According to the Central Statistical Services, as of 1994 about seven million black people spoke English in South Africa.[4] BSAE originated in the South African school system when the 1953 Bantu Education Act mandated the use of native African languages in the classroom. When this law was established, most of the native English-speaking teachers were removed from schools. This limited the exposure that black students received to standard varieties of English. As a result, the English spoken in black schools developed distinctive patterns of pronunciation and syntax, leading to the formation of BSAE.[4] Some of these characteristic features can be linked to the mother tongues of the early BSAE speakers. The policy of mother tongue promotion in schools ultimately failed, and in 1979, the Department of Bantu Education allowed schools to choose their own language of instruction. English was largely the language of choice because it was viewed as a key tool of social and economic advancement.[4] BSAE has contrasting pronunciation and organization of vowels and consonants compared to the ones in standard English. For instance, "it lacks the tense/lax contrast and central vowels in the mesolectal variety."[5]



The difference between Black and White South Africans is based on their ethnic backgrounds, with them, as BSAE, being originally the first indigenous people that made a ''new'' English South Africa and developing speaking their tongue version of English and deciding not to speak South Africa's native language of English, which is mostly exclusive for them due to it not being the majority language. In SAE it is primarily used for publicizing the differences between British and other forms of tongue speaking for native speakers in various communities of South Africa.[6]

The local native language of Black South African "new" English would lean more on the syllable side and would lean less on stress timing; due to this, the speech of the language would be affected by the length of vowel deduction in "new" English.[7]



BSAE emerged from the influence of local native languages on the British English variety often taught in South African schools. After dispersing BSAE has been seen as three distinct subvarieties: the basilect, mesolect, and acrolect. Not much has yet been studied on the subvarieties of BSAE, and the distinctions between them are not yet fully defined. However, there are some notable pronunciation differences in the mesolect and acrolect.[5]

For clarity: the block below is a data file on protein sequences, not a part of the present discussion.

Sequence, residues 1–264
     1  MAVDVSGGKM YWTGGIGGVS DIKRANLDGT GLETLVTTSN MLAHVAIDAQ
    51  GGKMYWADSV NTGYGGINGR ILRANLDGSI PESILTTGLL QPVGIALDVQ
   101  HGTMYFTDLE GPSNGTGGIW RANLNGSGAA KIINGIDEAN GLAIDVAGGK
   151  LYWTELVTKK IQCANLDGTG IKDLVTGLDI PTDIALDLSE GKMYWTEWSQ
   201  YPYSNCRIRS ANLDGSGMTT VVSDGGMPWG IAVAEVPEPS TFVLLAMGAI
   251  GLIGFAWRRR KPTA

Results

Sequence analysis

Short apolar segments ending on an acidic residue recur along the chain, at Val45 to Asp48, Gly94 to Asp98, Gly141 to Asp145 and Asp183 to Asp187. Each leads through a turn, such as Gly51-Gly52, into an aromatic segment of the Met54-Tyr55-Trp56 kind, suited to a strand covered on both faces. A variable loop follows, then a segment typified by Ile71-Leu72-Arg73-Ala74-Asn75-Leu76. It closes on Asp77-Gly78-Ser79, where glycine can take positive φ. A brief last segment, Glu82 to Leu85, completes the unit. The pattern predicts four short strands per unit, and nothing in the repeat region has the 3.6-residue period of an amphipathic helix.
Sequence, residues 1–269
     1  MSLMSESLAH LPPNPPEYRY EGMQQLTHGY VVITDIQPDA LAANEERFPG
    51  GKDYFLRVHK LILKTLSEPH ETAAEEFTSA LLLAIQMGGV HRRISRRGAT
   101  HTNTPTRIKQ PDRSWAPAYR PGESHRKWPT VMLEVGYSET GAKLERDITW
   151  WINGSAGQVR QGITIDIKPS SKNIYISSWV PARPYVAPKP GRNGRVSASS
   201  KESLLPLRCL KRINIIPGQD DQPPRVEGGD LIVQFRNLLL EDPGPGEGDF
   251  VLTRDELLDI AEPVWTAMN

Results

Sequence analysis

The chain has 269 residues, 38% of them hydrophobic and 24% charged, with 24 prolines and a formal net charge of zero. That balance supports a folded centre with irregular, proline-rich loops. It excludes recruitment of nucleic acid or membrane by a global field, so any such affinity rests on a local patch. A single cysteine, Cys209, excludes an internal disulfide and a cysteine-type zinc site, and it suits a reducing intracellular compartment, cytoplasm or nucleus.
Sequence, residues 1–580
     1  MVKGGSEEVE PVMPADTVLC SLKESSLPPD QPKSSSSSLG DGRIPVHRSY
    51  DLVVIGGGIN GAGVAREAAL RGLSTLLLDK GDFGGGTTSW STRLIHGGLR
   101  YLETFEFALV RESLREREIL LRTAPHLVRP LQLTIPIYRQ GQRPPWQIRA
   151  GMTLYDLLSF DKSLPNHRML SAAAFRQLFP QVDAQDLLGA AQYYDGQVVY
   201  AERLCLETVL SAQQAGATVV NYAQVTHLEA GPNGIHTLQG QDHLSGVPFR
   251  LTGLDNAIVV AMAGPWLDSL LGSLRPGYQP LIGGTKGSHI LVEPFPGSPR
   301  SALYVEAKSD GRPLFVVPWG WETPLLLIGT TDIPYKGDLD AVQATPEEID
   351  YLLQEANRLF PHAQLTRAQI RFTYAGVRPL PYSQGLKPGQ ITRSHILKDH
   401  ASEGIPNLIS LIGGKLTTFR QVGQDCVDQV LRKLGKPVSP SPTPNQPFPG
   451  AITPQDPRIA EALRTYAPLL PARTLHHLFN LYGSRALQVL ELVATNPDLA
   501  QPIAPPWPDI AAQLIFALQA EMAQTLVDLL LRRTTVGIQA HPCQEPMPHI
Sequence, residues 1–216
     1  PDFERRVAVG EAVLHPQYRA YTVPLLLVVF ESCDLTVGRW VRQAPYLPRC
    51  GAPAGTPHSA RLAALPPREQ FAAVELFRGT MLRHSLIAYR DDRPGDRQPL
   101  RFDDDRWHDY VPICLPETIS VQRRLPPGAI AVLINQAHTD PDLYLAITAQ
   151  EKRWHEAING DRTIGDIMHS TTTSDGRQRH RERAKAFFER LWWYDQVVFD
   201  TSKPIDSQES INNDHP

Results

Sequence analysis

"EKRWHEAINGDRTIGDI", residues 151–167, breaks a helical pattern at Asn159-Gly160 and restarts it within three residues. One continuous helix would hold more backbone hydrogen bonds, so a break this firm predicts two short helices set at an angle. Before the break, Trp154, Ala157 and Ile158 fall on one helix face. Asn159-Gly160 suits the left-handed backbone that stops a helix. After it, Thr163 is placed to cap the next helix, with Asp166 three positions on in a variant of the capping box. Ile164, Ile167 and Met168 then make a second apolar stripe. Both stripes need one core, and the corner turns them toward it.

The vowels in BSAE can be realized as five key phonemes: /i/, pronounced in words like "FLEECE" or KIT, /u/ in "FOOT" or "GOOSE", /ɛ/ in "TRAP", "DRESS", or "NURSE", /ɔ/ in LOT or FORCE, and /a/ as in CAR. /i/ may occasionally be pronounced [ɪ] in the acrolectal variety, though there is no consistent change among speakers. One difference in the acrolect in comparison to the mesolect is that it often uses [ʌ] in place of [a].[5]

In addition, many vowels that are normally diphthongs in most varieties are monophthongs in BSAE. For example, "FACE" in General White SAE is typically pronounced as /feɪs/, but in BSAE is typically pronounced /fɛs/.[5]



Black South African English analysis has not been researched or utilized enough due to its contrasting methods to Southern British norms.[5] BSAE has contrasting pronunciation and organization of vowels and consonants compared to the ones in more commonly used languages such as other varieties of English.[8] Due to English being an official language of South Africa, dialects that have contrary methods in language and pronunciation to English become isolated from the speech in that area. For instance, "it lacks the tense/lax contrast and central vowels in the mesolectal variety."[5]

In Black South African English, the length of vowels is changeable, and vowel length can be understood as stress placement, with some deviation from Standard English. An example of this is in the word "sevénty", which has primary stress on the penultimate, rather than the initial, syllable.[5]